Concrete Efflorescence: Cleaning It Off Basement Walls
Cleaning Ugly Basement Walls & Sealing Them To Prevent White, Flaky Powder Residue
White, flaky powder coating concrete walls and floors is caused by a naturally-occuring mineral salt called "efflorescence".
This is a powder that's left behind as water vapor passes through the concrete walls and floors. This same science will also apply to brick and stucco surfaces.
Over time, these mineral deposits build up in layers so thick that it's sometimes mistaken for mold . Of course, the added moisture will contirbute to fungal growths of many kinds.
If you notice an ugly, white, powdery buildup forming on the concrete walls and floors in your basement, you can be fairly sure it's concrete efflorescence.
Efflorescence is a messy problem, but the problem is cosmetic only: it won't stain, and there are no known health issues connected with it.
What is Efflorescence?
Despite its solid form, concrete is designed to allow water to pass through it freely. If it wasn't, then wet concrete would never dry!
That's great for newly placed concrete, but what about afterwards? When concrete is in continuous contact with damp, wet earth, a portion of that moisture is continually going to enter the concrete, making its way through the micropores in the concrete.
As water passes through the concrete, it brings minerals with it. The moisture then evaporates into the basement, leaving these minerals behind. Over time, the buildup on the concrete creates the efflorescence that you see.
Efflorisn't is designed to take the efflorescence particles below the surface with it as it is absorbed. It's easy enough for anyone to use, and works for both concrete and brick surfaces that have efflorescence buildup.
If the eyesore of efflorescence is something you'd rather not live with, we offer a product -- Efflorisn't™ -- that makes cleaning your walls a breeze.
Along with basements, Efflorisn't can also be used outdoors on walls, walkways, patios, and any other cementitious surfaces.
Coverage is 150-300 square feet per gallon, depending on the absorbency of the surface, as well as factors such as material density, the age of the material, and the amount & type of efflorescence present.
Four Steps To Applying Efflorisn't
1. First, you'll want to make sure the pores of the concrete are exposed, so that a deep clean is possible. Accomplish this by cleaning away any loose dirt, dust, or debris. Brush away any excess efflorescence as well to maximize how effective the product is.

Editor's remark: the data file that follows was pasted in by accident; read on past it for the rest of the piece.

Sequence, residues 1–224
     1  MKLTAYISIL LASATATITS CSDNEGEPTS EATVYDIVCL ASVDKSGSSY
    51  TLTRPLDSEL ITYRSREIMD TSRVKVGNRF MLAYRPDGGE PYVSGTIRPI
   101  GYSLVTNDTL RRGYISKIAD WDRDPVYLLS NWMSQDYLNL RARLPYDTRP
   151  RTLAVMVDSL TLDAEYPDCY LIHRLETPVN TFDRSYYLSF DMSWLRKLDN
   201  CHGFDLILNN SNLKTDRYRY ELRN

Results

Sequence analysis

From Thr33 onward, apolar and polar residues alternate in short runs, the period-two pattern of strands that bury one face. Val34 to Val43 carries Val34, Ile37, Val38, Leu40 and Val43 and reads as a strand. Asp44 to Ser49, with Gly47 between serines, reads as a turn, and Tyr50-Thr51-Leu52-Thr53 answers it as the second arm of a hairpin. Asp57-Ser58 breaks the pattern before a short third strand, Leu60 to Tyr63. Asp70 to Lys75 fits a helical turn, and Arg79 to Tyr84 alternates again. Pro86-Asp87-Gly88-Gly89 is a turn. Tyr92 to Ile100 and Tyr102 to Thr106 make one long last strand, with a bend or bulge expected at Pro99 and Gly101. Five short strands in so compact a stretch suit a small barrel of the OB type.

2. Using a pump-up garden sprayer (at low pressure), spray the concrete to dampen the surface. Do not apply so thickly that it pools, drips, or runs off the walls.
3. After the surface has soaked for an hour, clean with a hard-bristled brush. For heavy cases of efflorescence, steps 2 and 3 may need to be repeated.
4. Using a constant water source (hose, power washer, etc), rinse all scrubbed areas thoroughly.
What Does Efflorescence Mean For Your Home?
For a homeowner, this efflorescence is a symptom with two associated problems:
1. A Damp, Musty Basement: Water and water vapor passing through the concrete is one of the main reasons that basements have that clammy "basement" feeling. This moisture can also be trapped behind wallboard and studs, leading to mold and rot.
2. Mineral Deposits On Concrete Surfaces: Efflorescence gives a basement an ugly, dungeonlike feel, particularly when it's present on both the walls and floors. It comes off to the touch as a salty white powder, coming off on hands, clothes, and anything else that casually brushes against it.
Waterproof paints, hydraulic cements, and other sealing agents rarely provide long-term solutions for damp basement walls.
Efflorescence builds up behind waterproof paint, breaking its seal on the concrete and causing it to blister and peel off the walls.
Like any latex-based paint used in a damp environment, these paints also have the potential to grow mold and mildew. Look carefully at the warranty for any waterproof paint you use -- you'll notice it's not warranted to resist mold or mildew growth on its surface.
Preventing Concrete Efflorescence
Once your concrete surfaces have been cleaned, you can prevent any further efflorescence from building up on the walls with an application of Concrete Treat: Concrete Sealer and Blanket.
This concrete sealer can be applied to the concrete with an air or airless sprayer, a roller, brush, or any other applicator. Once in contact, it reacts with the concrete, bonding deep within its pores to create a glasslike silicate barrier. This barrier prevents all humidity and efflorescence from coming through.
Concrete Treat is non-toxic and safe to use in a basement or crawl space environment. Unlike waterproof paints and hydraulic cement, it will not flake or chip away over time. It dries in 2-4 hours, and once dried, it can be painted over.
The Concrete Treat silicate seal also creates a vapor barrier on your concrete that will prepare it for basement finishing, or simply for creating a healthier environment in your basement. If you'd like to protect your concrete from efflorescence and humidity, we can help! Order Concrete Treat today!